The flexibility offered by working as a freelance translator certainly has its perks, but being your own boss presents its own set of challenges (and the occasional headache). Here are some tips for those of you considering the move to freelance translation or interpreting.
»Master the Business Side
When you’re a freelance translator, your responsibilities extend beyond those of crafting a high quality translation. In addition to doing the actual work of translation, you have to run your own business. As a self-employed freelancer you will be responsible for marketing yourself, making proposals for projects, collecting payments, tracking your finances, purchasing equipment, etc. The keys to running a successful business – as with most worthwhile endeavors – are having a long-range plan and staying organized.
Since translation is primarily a solitary activity, networking is of utmost importance. Actively seeking out relationships with other translators can reap rewards in terms of feedback, generating leads, sharing knowledge, and yes, even socializing. Consider joining one of the many professional societies for translators and interpreters such as the American Translators Association (ATA) or the International Association of Professional Translators and Interpreters (IAPTI), and attend as many professional development events and seminars as your schedule and finances allow.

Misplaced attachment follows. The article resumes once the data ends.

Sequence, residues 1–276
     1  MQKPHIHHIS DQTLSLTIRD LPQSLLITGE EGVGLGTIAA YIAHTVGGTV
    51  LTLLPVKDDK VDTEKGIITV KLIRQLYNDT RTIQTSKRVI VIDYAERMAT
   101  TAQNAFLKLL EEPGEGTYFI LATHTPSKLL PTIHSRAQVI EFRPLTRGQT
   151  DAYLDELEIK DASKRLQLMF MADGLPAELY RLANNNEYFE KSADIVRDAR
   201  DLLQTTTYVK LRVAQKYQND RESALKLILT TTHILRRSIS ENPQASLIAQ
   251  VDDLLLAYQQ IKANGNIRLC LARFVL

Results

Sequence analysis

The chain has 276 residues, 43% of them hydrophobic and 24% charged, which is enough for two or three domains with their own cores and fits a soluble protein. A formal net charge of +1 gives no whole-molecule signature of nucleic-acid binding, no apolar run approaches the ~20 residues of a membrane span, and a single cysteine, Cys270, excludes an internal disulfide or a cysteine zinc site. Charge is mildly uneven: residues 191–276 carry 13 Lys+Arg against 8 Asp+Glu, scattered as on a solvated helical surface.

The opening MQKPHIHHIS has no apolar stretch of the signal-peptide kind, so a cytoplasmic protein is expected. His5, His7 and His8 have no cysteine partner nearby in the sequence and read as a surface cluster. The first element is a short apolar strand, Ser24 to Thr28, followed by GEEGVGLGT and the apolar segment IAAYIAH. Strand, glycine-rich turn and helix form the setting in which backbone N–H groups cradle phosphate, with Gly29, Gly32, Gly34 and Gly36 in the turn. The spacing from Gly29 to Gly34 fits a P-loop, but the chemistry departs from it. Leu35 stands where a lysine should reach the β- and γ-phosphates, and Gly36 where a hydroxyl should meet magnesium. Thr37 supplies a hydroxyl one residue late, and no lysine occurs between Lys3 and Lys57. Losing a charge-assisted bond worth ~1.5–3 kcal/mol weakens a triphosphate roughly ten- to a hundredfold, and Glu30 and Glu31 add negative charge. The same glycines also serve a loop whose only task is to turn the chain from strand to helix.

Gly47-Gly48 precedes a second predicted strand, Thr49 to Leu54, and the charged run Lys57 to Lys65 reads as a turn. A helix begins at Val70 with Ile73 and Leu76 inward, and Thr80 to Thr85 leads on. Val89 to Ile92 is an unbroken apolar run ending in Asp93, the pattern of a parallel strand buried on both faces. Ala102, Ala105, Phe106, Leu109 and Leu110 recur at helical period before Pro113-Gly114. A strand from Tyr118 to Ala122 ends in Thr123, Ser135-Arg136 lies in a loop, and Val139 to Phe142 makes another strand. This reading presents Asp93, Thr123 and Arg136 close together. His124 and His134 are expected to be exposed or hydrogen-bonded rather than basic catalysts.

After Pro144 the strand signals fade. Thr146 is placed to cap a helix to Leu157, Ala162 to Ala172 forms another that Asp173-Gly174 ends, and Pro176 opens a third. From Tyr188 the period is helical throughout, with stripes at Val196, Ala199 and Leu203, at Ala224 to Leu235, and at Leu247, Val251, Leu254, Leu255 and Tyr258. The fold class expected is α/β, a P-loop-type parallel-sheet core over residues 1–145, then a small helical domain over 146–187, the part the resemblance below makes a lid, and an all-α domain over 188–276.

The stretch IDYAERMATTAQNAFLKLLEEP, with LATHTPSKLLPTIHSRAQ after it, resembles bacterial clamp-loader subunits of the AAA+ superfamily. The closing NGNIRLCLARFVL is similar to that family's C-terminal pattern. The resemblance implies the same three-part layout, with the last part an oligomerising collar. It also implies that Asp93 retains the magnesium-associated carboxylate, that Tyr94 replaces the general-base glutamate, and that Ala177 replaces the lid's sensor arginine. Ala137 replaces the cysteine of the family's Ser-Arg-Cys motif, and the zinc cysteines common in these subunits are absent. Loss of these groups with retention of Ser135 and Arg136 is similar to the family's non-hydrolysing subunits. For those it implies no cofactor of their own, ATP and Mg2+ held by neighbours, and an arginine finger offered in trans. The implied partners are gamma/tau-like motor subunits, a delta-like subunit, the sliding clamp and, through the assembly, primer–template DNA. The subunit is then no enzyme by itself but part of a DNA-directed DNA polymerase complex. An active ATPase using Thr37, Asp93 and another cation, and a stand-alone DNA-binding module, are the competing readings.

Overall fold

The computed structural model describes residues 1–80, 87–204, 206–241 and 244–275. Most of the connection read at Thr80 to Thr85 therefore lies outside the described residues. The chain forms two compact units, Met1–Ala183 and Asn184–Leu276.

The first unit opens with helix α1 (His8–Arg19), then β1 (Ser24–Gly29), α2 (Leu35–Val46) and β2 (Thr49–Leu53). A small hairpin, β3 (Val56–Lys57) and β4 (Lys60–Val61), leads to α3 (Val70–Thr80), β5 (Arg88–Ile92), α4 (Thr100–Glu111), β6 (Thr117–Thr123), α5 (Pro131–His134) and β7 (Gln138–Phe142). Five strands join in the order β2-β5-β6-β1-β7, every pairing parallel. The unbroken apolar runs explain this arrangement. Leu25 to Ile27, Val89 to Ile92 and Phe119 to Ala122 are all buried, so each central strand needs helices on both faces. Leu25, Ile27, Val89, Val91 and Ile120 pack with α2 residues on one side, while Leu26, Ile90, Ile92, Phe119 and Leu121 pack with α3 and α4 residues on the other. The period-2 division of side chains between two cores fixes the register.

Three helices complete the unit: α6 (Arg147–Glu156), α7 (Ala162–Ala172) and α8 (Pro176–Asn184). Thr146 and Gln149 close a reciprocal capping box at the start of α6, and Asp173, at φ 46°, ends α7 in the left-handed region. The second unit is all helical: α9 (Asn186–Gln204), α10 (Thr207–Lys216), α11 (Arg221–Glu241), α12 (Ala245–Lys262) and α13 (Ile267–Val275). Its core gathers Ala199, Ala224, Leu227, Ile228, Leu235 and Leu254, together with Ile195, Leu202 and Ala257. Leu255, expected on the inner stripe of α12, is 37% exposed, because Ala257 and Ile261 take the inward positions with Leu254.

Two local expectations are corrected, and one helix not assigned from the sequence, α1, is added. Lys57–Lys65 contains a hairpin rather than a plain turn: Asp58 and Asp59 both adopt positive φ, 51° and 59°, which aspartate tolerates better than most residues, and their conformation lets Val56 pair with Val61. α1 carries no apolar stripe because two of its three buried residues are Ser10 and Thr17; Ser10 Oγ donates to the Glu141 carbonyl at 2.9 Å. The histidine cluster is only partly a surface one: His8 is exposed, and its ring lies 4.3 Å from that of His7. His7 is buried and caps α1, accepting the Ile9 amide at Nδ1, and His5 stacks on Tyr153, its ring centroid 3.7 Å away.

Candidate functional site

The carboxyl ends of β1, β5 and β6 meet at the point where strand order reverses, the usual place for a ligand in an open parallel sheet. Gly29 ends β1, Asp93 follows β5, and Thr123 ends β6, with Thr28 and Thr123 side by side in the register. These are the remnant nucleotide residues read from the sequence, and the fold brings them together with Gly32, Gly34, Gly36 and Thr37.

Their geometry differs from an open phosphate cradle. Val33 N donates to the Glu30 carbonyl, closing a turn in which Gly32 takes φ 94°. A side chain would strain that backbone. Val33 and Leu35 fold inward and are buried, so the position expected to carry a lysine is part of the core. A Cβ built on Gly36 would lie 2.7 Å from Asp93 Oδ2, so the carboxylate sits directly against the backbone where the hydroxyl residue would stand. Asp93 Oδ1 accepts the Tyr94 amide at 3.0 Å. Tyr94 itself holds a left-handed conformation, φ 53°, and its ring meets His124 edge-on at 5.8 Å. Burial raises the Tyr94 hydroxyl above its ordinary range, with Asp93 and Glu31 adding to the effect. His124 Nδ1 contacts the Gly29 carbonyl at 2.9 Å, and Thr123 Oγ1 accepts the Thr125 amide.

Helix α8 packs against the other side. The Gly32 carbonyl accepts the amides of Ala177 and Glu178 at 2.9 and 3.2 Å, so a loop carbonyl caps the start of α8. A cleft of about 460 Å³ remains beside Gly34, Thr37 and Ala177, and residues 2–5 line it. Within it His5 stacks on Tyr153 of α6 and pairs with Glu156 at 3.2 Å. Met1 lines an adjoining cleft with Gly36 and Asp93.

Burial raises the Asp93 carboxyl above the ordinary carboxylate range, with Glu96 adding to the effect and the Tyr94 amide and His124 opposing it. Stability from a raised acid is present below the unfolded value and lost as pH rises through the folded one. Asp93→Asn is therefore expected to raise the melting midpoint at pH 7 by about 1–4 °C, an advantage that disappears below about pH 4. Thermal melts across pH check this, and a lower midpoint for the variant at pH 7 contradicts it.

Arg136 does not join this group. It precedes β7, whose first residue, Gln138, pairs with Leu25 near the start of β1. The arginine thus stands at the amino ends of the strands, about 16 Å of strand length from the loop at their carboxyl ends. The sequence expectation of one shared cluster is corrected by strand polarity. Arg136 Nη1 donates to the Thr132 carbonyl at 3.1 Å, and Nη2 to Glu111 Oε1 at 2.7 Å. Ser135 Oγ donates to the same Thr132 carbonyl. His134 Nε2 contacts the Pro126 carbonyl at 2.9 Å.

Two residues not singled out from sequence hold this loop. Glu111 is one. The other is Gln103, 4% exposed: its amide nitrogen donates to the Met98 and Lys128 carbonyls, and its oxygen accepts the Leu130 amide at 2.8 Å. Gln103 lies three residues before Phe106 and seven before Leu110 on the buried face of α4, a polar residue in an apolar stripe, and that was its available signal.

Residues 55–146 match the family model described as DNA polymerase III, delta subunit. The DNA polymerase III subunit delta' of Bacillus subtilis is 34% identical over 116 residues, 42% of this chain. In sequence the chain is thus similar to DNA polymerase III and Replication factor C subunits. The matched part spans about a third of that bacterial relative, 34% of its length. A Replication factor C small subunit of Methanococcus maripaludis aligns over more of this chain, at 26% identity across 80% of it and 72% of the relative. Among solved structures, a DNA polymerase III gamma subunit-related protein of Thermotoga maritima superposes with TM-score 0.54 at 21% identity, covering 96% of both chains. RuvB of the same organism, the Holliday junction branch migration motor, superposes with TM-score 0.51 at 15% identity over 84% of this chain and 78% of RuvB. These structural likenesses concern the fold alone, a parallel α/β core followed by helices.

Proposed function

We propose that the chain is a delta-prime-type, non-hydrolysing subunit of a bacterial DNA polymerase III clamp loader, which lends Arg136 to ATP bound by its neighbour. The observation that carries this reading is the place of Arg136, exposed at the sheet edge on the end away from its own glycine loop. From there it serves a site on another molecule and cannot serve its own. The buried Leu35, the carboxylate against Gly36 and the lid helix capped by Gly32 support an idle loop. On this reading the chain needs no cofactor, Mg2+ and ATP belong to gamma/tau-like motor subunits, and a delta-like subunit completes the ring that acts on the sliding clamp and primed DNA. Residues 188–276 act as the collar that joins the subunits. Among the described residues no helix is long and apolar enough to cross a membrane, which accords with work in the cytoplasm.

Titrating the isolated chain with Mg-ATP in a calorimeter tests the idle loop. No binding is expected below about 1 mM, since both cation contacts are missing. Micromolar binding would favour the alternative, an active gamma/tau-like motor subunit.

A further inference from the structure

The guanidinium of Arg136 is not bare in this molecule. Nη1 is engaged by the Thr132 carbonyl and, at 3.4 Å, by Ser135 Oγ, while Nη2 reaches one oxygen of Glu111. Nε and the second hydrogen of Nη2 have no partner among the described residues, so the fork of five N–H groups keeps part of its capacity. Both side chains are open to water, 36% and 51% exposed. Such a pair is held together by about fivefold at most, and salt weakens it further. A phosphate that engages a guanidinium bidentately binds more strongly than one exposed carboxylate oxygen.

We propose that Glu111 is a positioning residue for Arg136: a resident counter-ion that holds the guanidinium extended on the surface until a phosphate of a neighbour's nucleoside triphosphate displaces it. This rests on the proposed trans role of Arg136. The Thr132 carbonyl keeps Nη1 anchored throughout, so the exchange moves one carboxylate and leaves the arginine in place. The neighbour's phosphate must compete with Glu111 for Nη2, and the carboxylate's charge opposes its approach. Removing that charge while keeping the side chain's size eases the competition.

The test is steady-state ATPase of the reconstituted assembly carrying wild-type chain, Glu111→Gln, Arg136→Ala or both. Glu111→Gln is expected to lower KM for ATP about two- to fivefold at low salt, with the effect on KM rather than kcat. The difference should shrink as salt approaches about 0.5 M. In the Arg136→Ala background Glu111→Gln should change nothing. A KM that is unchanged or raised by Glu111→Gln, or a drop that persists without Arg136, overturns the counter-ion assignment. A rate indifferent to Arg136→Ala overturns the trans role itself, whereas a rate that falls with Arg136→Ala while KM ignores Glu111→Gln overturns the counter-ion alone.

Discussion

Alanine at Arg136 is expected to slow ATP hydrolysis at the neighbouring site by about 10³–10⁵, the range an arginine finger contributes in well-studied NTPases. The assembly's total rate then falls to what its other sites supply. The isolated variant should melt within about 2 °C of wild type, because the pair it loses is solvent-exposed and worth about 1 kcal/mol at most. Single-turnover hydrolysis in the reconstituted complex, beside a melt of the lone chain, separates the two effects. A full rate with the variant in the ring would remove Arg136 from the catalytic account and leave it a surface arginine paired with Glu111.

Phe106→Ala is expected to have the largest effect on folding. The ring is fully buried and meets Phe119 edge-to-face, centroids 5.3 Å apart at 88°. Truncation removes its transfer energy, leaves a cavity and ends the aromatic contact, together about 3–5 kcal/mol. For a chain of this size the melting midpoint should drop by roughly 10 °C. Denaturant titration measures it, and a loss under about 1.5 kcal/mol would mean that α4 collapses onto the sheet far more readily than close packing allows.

»Check and Double Check
Many times as a freelancer you won’t have the fallback assurance of an editor or QA team to proof and/or revise your translation. Always proofread your work multiple times, and for really key projects, consider having a trusted colleague review your translation for errors (you know, one of those people you met through networking!). Consistently providing top notch, error-free deliverables will get you noticed by providers.
»Have Confidence in the Value of Your Work
Once you have settled upon a fair yet competitive rate for your work, stick to it; don’t sell yourself short. Most clients recognize the relationship of quality to price, and those that don’t generally learn the hard way. Also, consider charging a rush rate or weekend surcharge for projects assigned at the last minute or with a Monday morning deadline. Remember: if you don’t value your time and talents, no one else will.
For additional tips for freelance translators, see this post.